Last week, I created a short video on “Nonprofit Math,” following a trend on social media all the kids have been raging about, regarding different types of math: boy math, girl math, corporate math, etc. The 50-second clip I made went kind of viral, watched nearly a million times. Sure, I look super sexy there, with only one eye involuntarily twitching from stress, and the grantwriting-induced wrinkles smoothed out by hotel room lighting. But I think the topic hit a nerve with folks in the sector because we’re all exhausted by the various shenanigans we’ve been forced to endure.

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Our sector’s role in calling for peace and justice in Israel and Palestine

[Image descriptions: Two lit candles, one in the foreground and one in the background, against a dark backdrop. Image by Ri_Ya on Pixabay]

Hi everyone. This blog post will upset some of my colleagues and likely lose me a few followers, and possibly even some friends. I understand. But having a platform comes with the responsibility of using it to speak up against injustice.

I know the past several days have weighed heavily on everyone’s mind as we learned of the horrifying atrocities committed by Hamas. The already high level of antisemitism has increased over the years, culminating in last week’s violence and brutality against Israeli civilians, including children and the elderly. The horror is too much for many of us to fully comprehend. There are still hostages being held and people still suffering. As a society and as a sector we must condemn the terror and cruelty committed by Hamas.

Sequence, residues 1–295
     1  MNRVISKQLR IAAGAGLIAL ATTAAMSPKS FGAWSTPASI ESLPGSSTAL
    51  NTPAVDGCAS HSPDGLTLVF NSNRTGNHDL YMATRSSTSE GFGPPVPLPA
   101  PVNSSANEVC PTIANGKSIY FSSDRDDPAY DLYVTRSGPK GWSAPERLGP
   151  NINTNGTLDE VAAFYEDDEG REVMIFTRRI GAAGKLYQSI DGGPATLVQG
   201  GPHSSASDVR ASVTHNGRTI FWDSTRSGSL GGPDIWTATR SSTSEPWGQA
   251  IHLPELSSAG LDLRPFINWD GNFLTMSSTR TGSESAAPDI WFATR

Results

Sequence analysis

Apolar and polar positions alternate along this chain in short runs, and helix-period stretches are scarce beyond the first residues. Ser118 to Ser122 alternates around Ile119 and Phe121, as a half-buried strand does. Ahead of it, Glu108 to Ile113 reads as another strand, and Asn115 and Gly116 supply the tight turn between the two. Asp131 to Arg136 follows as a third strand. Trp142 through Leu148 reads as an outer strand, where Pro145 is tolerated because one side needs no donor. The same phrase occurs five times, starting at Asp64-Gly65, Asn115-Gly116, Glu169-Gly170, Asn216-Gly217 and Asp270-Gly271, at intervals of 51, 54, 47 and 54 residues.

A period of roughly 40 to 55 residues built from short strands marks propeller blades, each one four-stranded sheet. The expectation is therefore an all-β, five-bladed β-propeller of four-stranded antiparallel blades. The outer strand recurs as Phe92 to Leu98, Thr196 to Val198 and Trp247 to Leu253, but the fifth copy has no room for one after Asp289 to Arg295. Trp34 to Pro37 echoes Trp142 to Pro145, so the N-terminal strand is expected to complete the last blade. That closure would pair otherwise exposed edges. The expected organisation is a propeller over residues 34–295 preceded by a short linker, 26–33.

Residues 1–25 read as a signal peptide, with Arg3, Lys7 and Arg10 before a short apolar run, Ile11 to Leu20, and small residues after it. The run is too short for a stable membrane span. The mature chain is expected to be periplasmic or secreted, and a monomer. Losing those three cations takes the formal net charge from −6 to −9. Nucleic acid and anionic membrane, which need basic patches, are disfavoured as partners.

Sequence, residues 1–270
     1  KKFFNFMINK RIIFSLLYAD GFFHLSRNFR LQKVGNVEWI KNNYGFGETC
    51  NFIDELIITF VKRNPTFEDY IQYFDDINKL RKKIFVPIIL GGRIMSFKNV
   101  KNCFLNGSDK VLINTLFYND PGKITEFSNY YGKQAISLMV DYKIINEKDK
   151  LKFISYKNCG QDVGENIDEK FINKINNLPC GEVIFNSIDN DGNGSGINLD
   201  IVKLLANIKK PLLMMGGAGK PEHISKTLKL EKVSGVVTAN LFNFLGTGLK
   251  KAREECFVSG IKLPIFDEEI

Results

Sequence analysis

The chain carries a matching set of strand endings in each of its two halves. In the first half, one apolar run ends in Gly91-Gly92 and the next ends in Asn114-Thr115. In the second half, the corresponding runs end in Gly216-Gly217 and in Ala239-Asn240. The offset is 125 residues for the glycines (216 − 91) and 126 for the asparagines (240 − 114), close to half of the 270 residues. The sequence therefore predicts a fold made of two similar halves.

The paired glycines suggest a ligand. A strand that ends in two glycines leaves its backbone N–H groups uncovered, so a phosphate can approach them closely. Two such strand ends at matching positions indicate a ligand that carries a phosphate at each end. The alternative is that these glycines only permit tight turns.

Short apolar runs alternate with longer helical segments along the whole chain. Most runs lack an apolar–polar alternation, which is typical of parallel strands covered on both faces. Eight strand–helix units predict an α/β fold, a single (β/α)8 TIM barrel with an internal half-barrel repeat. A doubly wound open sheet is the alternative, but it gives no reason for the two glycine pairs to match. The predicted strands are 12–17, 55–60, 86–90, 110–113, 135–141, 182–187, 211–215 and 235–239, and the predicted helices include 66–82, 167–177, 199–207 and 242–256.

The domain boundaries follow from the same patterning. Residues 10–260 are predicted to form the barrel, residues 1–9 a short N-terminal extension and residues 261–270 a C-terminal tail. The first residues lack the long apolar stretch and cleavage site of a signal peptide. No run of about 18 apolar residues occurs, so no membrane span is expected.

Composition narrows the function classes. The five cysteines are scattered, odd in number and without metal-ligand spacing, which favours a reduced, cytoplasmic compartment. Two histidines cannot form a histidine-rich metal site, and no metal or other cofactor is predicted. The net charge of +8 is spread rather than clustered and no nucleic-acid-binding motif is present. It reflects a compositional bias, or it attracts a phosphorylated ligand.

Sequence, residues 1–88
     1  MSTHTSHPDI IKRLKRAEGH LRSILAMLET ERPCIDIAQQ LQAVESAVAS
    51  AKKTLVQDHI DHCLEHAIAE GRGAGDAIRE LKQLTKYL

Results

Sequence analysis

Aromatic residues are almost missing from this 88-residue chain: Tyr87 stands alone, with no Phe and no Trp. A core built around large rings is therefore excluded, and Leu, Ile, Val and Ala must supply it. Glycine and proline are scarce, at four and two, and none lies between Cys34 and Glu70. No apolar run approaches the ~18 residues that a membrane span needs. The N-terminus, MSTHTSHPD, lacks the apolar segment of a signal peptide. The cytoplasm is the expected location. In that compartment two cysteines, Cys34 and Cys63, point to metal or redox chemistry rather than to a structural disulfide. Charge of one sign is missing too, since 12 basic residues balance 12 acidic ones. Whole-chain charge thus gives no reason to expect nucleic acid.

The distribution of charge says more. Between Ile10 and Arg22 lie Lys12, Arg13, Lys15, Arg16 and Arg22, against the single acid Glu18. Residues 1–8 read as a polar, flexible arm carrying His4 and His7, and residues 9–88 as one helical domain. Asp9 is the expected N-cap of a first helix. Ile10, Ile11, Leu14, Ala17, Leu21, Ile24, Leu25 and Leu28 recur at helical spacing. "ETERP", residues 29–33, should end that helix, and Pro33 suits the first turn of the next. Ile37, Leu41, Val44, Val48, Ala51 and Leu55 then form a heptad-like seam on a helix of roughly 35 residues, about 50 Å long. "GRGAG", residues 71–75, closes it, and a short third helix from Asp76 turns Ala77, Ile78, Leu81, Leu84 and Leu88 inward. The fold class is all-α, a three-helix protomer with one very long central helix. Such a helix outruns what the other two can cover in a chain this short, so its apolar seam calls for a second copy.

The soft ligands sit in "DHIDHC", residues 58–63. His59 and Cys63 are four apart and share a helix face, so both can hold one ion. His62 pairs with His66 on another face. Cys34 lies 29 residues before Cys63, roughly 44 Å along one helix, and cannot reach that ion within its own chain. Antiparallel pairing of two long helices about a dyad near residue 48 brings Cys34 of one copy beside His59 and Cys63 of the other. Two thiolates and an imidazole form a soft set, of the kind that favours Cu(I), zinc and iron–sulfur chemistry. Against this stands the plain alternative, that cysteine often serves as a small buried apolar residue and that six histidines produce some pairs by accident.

And as vocally we must condemn the Israeli government’s response, which has been to launch a second Nakba, a horrific level of death and destruction, on Palestine and its people. 2.3 million Palestinians live in Gaza. Half of them are children. Cutting off food, water, and energy, and ordering civilians to evacuate Northern Gaza while raining death on families fleeing for their lives and vowing to do more—this is genocide; this is ethnic cleansing. We must be firm in condemning these war crimes, especially as the US government is openly supporting the Israeli government and its violence and inhumanity against Palestinian civilians, including children, who are not Hamas.